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Title: Formulation of a Nanoparticle Drug Delivery System for Camptothecin Prodrugs
Authors: Berens, Samuel J.
Advisors: Prud'homme, Robert K.
Department: Chemical and Biological Engineering
Class Year: 2015
Abstract: Drug delivery systems targeting cancer have come into focus in recent years as a potential way of directing known therapeutics to specific sites in order to minimize harm to healthy cells and maximize the chemo-toxic potency against cancer cells. Nanoparticle drug delivery via composite gels has been shown by Pinkerton et al. to be a viable way to deliver drugs directly to lung tissue. This study analyzes PLA-b-PEG nanoparticles with camptothecin prodrugs in the core as a potential means of drug delivery to reduce small cell lung cancer tumors. Both 1-decanol and α-tocopherol were tested as lipid anchors for the camptothecin prodrug. The α-tocopherol prodrug created the highest quality nanoparticles based on size and narrow polydispersity, encapsulated most efficiently, and was most compatible with co-core lipids. While the prodrug performed its expected funtions and followed a predictable, numerically derived reaction rate during bulk hydrolysis in Milli-Q® water, there was limited prodrug hydrolysis when encapsulated in nanoparticles. Initial experiments indicate that using a formulation with a high prodrug mass to co-core POPC lipid ratio of 7:1 (producing a peak size of 70 nm) is the most promising for future exploration into nanoparticle-based drug delivery for the campothecin prodrug based on the potential for the zwitterionic lipid to induce water partitioning into the nanoparticle.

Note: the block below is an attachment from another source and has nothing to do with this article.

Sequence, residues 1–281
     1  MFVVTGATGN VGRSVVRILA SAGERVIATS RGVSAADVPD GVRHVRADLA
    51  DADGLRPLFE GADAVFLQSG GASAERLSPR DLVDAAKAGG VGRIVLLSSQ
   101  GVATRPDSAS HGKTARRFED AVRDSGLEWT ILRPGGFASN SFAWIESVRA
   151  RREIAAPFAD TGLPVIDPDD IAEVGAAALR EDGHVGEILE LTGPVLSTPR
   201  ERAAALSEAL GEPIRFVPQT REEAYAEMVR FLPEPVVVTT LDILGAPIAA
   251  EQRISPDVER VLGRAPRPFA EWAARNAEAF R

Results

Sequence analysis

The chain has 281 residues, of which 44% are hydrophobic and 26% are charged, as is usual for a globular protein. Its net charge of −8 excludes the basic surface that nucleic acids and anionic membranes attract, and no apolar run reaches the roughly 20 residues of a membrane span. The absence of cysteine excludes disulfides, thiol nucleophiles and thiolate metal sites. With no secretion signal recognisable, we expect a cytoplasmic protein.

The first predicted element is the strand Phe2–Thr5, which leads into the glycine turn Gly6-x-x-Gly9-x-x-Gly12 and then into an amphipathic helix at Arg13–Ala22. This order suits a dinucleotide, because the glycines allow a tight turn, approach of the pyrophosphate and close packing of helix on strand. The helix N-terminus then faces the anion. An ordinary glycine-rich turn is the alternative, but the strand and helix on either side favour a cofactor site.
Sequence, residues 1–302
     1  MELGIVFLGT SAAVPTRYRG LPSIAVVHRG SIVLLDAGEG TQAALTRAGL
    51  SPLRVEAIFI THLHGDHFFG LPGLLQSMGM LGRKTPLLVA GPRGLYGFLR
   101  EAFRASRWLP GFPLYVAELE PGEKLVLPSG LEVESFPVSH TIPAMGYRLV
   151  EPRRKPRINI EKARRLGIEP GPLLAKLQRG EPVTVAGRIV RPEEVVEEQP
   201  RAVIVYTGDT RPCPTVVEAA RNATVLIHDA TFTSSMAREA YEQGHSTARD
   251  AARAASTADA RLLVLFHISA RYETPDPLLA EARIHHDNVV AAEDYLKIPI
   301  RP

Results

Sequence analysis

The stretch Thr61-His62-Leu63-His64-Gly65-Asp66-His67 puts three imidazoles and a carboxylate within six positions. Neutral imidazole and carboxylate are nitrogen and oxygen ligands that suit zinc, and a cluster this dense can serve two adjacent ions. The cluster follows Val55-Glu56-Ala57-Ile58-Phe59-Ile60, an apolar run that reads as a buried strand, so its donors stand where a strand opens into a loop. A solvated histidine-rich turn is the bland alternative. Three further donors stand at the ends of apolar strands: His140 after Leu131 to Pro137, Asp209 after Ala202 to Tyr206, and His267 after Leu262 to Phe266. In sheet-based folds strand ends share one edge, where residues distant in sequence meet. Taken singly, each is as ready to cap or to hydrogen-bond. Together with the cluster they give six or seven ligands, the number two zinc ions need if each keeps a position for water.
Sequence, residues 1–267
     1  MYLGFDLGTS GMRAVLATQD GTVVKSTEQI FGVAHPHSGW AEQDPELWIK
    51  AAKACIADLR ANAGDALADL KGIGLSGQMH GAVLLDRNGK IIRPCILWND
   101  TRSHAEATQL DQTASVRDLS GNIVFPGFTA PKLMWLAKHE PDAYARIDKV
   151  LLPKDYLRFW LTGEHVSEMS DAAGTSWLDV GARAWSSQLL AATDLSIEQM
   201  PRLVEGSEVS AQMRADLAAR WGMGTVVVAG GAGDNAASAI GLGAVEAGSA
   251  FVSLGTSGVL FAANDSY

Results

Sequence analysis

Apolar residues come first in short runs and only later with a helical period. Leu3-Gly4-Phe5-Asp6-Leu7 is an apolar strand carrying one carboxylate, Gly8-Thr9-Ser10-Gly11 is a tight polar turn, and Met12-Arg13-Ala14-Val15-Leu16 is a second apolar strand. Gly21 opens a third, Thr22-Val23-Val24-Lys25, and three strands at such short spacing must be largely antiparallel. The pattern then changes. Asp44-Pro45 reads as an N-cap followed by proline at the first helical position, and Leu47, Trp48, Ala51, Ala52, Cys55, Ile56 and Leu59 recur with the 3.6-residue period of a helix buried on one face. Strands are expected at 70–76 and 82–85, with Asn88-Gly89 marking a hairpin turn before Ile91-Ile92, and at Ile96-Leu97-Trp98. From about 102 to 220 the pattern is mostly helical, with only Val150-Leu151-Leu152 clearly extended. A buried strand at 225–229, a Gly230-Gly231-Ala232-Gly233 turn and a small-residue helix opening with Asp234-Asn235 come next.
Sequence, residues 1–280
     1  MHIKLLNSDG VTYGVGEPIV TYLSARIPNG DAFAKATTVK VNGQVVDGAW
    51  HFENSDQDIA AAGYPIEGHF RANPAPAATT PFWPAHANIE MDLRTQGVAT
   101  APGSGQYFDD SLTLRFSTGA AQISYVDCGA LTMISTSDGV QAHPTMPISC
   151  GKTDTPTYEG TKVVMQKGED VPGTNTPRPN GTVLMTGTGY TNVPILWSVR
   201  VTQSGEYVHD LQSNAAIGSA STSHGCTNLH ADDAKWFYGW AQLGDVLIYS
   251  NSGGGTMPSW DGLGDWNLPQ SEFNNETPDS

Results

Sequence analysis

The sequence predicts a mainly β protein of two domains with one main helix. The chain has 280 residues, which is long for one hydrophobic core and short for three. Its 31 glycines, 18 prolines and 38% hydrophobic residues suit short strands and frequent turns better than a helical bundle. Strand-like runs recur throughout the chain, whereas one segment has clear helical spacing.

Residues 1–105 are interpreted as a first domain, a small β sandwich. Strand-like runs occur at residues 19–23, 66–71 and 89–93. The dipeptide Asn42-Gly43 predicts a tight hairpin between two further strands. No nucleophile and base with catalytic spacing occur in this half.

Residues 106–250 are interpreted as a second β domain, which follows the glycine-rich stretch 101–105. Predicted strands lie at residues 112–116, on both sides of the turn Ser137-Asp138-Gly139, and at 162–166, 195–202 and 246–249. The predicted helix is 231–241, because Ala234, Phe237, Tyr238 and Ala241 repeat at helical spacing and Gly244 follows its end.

Extent: 47 pages
Type of Material: Princeton University Senior Theses
Language: en_US
Appears in Collections:Chemical and Biological Engineering, 1931-2016

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